Myself staring in awe at the North Ridge of Mt. Stuart. This moment was one of my most cherished in 7 years of climbing in the Stuart Range. The North Ridge is the obvious buttress falling from Stuart's summit. What a line! I've climbed it many times, including making its second winter ascent in 2008 with Cole Allen.

Now, after all this training, I'm packing my bags to head south. Psyche is high, motivation is erupting, and the time to send is nearly upon us. Get some!

Saturday, September 29, 2012

Vanishing Point: Reflections on an Onsight Effort

The mighty north face of Mt. Baring, home of Vanishing Point (VI 5.12b)

I still remember reading the Hot Flash. It was a small blurb in the lower left hand corner of the magazine. Bryan Burdo had completed his mega project on Mt. Baring. Vanishing Point (VI 5.12b) was a jutting prow loaded with 18 sustained pitches of wild face climbing. That same summer I had been putting all of my 16 year old energy into another of his routes, a one pitch line called Rainy Day Woman at Little Si, a steep crag an hour east of Seattle. I could barely comprehend Bryan's accomplishment as I screamed my way to the anchors of Rainy Day with my dad nervously belaying. It was my first 5.12 and another phase in the journey that eventually led to my own effort on Vanishing Point only days ago.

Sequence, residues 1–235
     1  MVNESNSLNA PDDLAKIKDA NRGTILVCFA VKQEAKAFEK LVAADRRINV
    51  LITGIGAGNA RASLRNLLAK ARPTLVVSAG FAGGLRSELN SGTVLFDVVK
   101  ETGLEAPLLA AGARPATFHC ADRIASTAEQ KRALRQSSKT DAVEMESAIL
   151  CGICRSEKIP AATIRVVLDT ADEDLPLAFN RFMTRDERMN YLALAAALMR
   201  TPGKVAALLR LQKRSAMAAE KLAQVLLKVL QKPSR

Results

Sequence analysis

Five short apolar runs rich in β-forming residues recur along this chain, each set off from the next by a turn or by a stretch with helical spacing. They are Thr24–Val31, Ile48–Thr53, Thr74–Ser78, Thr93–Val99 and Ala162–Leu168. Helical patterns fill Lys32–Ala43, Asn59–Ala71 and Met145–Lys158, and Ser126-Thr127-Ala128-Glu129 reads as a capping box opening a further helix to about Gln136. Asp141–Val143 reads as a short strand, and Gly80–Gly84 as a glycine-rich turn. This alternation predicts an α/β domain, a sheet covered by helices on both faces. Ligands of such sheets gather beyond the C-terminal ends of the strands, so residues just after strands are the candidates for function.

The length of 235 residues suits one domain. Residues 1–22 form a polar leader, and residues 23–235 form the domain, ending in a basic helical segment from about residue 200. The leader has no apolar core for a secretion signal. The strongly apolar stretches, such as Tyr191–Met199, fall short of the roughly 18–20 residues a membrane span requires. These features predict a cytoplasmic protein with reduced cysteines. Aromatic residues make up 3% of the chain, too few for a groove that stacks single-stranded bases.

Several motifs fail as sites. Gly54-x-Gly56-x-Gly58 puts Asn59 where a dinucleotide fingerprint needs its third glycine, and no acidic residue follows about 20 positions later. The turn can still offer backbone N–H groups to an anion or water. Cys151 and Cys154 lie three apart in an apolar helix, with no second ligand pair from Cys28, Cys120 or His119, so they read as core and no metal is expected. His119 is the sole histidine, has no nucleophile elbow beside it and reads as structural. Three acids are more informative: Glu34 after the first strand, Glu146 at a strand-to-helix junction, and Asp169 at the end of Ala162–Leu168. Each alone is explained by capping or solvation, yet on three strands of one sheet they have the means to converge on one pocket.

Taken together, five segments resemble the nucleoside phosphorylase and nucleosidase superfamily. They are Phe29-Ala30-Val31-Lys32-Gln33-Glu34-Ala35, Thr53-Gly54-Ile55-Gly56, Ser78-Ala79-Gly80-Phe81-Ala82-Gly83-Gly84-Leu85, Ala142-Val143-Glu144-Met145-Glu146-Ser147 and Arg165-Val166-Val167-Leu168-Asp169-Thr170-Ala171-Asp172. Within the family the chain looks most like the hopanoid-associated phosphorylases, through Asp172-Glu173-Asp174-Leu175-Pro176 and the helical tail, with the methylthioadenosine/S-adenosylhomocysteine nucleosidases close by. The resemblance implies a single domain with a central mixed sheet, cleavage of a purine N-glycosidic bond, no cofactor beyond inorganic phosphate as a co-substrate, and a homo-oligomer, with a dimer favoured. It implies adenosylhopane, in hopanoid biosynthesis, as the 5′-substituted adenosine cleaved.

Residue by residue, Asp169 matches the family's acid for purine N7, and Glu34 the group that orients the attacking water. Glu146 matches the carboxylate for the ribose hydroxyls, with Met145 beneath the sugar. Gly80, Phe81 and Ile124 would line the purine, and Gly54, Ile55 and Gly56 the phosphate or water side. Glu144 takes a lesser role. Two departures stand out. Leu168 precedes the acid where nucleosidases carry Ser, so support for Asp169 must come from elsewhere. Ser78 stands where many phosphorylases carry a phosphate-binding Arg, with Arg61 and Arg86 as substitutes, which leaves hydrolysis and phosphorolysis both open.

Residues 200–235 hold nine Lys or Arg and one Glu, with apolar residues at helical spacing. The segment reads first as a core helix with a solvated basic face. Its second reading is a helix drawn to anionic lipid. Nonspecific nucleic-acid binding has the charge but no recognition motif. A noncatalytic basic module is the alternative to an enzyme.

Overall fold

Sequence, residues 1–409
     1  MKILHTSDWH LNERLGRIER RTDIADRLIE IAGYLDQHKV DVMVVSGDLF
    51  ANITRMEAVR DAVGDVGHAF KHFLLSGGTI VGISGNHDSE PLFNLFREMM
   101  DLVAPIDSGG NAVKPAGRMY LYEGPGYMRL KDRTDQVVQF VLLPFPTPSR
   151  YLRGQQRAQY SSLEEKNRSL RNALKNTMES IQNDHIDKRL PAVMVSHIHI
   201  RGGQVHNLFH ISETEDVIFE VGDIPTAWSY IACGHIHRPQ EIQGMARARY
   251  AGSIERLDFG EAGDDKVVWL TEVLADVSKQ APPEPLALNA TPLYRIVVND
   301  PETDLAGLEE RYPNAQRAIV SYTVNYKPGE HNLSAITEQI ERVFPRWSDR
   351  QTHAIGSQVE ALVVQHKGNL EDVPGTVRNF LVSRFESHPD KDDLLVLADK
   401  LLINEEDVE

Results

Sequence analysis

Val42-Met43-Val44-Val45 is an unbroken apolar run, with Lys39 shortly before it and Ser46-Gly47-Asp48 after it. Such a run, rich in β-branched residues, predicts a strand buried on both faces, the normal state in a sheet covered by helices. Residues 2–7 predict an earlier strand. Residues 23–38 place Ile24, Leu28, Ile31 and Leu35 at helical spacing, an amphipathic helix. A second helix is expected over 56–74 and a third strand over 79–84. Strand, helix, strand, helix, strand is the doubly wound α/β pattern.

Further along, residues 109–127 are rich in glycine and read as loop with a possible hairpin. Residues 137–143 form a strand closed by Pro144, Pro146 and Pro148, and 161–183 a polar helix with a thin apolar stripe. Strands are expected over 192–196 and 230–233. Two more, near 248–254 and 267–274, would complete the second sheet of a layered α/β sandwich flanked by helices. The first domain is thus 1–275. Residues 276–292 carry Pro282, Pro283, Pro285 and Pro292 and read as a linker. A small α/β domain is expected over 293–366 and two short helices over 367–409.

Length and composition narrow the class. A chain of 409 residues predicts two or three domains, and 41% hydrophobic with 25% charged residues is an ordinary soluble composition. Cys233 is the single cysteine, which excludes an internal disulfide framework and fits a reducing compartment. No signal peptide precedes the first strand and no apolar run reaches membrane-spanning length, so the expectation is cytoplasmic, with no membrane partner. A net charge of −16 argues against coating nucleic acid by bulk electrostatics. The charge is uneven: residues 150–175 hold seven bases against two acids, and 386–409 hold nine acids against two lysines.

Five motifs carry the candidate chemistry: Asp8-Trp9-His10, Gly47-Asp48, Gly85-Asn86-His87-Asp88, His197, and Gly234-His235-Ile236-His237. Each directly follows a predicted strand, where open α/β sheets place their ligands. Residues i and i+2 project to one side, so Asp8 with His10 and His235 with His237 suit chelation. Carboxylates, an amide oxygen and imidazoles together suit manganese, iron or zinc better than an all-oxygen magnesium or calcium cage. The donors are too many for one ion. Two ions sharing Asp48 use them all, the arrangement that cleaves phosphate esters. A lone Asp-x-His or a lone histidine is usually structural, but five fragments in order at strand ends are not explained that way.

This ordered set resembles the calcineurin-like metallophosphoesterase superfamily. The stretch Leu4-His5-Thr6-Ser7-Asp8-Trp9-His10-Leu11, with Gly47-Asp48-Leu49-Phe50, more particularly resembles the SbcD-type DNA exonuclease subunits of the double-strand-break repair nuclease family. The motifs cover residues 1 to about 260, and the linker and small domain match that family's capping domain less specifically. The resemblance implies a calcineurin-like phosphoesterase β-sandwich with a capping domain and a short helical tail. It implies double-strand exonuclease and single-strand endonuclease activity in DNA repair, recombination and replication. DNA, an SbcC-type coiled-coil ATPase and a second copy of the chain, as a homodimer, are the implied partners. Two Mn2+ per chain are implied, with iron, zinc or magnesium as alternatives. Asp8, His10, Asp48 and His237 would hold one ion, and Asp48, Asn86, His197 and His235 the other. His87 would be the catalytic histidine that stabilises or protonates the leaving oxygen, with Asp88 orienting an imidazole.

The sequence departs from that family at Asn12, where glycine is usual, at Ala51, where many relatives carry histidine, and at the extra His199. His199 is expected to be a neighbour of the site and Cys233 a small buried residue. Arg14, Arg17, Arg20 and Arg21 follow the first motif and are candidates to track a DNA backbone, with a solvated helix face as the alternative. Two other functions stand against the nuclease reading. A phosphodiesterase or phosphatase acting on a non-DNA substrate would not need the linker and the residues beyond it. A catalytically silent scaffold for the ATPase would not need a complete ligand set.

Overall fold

Last week Ben Gilkison and Blake Herrington climbed Vanishing Point in great style, lifting a curious veil of obscurity that has clouded the route for many years. Everyone I know in the Washington climbing community has talked about Vanishing Point, but so few have been on the face or even seen it. Hell, when I stepped out of the car at the Barcley Lake trailhead a few days ago, I had never laid eyes on the wall!